So why is this an issue now? The Affordable Care Act mandated the adoption of Electronic Medical Records (EMR), another requirement that many doctors did not willingly or enthusiastically embrace. There are, in fact, many benefits to EMR. The downside, as far as many doctors are concerned, is that these records allow Medicare, as well as insurance companies and anyone else who has the right to look a much easier way to see what doctors are really doing. No one can just scribble in a chart that an examination was done. Everything has to be documented. And for the IPPE, all of the requirements must be visible in the records.
Doctors need to know that EMR systems actually make the IPPE and many other aspects of delivering care to all their patients, not just those with Medicare, easier and more efficient once they learn how to use them. Much of the information needed in an IPPE should be in patients’ records. If not, once the information is gathered for the IPPE, it should be in the EMR and available when needed.
The idea of having to learn how to successfully complete an IPPE in a reasonable amount of time and without upsetting patients is truly a challenge. But it is not impossible. Physicians can learn to do the IPPE without wreaking havoc on their schedules. If they prepare patients for this visit and explain it clearly, they will find that rather than being upset, patients can appreciate something that is going to benefit them in the long run as they face problems that go along with aging.
Back in 2005, a family physician explaining the IPPE said, “Over time, you will become more adept at completing the initial preventive physical exam in a reasonable period. CMS considers the physician/non-physician provider time component of the initial preventive physical exam to be equivalent to a 30-minute 99203 (new patient, level-three E/M code).” This was before EMR.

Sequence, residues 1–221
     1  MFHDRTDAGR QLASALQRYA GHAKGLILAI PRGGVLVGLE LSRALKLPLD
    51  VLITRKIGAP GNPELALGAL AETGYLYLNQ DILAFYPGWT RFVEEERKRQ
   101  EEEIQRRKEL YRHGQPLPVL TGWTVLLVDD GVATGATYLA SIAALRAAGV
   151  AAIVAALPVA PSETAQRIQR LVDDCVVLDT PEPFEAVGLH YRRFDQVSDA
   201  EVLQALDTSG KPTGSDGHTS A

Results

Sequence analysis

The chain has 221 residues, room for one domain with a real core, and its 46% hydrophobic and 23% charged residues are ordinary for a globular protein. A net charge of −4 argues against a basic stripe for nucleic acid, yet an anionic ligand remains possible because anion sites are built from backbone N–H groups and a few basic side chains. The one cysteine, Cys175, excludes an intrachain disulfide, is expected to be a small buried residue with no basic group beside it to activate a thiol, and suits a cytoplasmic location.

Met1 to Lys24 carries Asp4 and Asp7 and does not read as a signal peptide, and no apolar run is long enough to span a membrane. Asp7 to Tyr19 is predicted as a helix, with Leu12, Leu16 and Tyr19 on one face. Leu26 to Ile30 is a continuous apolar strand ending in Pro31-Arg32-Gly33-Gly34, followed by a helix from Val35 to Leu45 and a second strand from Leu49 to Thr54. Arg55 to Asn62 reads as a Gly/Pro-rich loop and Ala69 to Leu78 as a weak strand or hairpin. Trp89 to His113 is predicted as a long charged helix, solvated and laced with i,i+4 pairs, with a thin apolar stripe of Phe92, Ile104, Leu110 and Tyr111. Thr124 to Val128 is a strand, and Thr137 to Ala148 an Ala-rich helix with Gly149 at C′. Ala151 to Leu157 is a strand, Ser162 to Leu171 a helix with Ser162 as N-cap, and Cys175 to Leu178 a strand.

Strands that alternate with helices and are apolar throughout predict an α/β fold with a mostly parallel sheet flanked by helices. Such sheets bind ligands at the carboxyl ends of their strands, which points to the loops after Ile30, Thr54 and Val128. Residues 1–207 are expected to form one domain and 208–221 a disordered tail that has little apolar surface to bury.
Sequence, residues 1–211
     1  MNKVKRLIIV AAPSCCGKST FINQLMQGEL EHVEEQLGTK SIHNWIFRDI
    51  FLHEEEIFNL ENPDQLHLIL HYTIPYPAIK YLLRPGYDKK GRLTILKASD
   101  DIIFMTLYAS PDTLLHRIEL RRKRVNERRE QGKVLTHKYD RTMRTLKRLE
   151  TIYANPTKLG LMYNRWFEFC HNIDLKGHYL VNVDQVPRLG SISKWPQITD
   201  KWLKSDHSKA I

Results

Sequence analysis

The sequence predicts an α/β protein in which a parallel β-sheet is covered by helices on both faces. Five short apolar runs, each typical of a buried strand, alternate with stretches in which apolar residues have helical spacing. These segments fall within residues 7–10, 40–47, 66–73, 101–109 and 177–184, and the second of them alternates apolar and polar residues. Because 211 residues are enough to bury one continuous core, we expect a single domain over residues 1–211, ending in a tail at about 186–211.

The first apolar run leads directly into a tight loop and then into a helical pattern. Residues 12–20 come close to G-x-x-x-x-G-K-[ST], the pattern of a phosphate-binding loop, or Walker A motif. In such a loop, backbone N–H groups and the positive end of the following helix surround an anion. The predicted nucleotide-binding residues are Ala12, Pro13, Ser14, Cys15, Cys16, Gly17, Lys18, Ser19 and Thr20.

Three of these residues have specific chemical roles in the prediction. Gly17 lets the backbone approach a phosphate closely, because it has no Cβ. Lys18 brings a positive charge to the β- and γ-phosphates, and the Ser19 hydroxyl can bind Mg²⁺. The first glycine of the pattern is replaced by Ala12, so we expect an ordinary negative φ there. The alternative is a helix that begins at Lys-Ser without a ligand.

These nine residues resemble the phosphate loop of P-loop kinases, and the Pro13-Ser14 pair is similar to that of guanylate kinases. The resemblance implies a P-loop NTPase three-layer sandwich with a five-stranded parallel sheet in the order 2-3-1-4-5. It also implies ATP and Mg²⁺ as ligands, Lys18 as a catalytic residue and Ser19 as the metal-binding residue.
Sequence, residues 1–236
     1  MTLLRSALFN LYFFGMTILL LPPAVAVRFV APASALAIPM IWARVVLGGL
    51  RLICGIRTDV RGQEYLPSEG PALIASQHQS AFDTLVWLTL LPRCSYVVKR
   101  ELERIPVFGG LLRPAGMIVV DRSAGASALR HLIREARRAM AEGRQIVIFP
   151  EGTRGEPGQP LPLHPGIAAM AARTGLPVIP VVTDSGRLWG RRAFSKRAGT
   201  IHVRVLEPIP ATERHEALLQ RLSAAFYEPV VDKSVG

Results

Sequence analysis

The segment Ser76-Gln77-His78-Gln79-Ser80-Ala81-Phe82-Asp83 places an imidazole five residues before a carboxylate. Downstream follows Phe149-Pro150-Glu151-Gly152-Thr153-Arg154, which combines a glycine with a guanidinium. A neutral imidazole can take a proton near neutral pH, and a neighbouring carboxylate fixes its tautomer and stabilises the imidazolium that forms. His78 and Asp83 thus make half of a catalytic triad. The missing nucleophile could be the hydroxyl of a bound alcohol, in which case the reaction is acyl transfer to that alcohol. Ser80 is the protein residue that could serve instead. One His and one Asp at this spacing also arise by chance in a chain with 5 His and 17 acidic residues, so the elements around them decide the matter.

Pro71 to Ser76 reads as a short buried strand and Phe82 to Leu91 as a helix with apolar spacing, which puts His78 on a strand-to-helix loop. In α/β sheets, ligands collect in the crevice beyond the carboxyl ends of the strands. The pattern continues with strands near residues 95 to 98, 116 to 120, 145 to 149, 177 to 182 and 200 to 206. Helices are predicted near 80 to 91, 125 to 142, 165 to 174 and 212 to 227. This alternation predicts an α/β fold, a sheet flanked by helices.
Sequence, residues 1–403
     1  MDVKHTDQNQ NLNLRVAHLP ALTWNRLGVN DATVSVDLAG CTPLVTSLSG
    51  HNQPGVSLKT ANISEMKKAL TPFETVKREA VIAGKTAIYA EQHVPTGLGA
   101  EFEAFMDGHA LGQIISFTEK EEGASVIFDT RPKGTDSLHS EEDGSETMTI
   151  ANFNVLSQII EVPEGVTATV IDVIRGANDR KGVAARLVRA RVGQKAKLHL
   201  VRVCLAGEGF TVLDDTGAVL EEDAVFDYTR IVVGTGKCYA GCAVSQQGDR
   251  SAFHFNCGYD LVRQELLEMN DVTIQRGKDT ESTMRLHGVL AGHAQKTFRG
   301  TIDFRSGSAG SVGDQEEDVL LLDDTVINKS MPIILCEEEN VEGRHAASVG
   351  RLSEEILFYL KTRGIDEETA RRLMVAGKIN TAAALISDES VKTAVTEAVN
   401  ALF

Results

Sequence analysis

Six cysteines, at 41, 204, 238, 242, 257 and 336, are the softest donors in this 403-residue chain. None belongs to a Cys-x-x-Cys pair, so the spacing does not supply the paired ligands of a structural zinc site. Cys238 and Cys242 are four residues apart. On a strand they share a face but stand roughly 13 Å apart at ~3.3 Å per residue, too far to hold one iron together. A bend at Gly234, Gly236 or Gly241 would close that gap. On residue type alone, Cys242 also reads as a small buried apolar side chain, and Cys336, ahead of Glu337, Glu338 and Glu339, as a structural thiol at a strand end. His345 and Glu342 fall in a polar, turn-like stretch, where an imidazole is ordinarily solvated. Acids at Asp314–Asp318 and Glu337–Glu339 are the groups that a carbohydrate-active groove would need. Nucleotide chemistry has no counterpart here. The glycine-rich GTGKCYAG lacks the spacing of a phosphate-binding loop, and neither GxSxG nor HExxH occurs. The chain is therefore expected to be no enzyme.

One problem related to implementing the preventive measures required by Medicare is that they keep changing. Frequently Medicare only issues general guidelines without specifics. Many medical societies try and get information for their members to help them figure out what to do. An example is screening for depression. There are many formal screening tools, but there is also the simplest of all, which are the questions, “Are you feeling sad, blue, or down?” and “Are you able to enjoy your usual activities or are you no longer able to enjoy them?” Anyone who says they are feeling down and cannot enjoy their usual activities should be evaluated for depression.
Here are some practical suggestions:
- Make sure your front office staff understands the IPPE (and the annual wellness visit). They must tell Medicare patients who call for a “physical examination” that Medicare does not cover the expected exam but does give them the benefit of the IPPE for free.
- Front office staff must let the patients know what kind of visit they will be having. There is a sample
letter in an article below (http://www.aafp.org/fpm/2011/0700/p10.html) that can be mailed before the IPPE. There is also a questionnaire that can be used for later annual wellness visits.
- Doctors need to learn what they must do, and what they cannot do, in order to be paid for an IPPE. This may seem overwhelming at first, but comfort with this is an achievable goal. In fact, they may see increased payment for a correctly-done IPPE.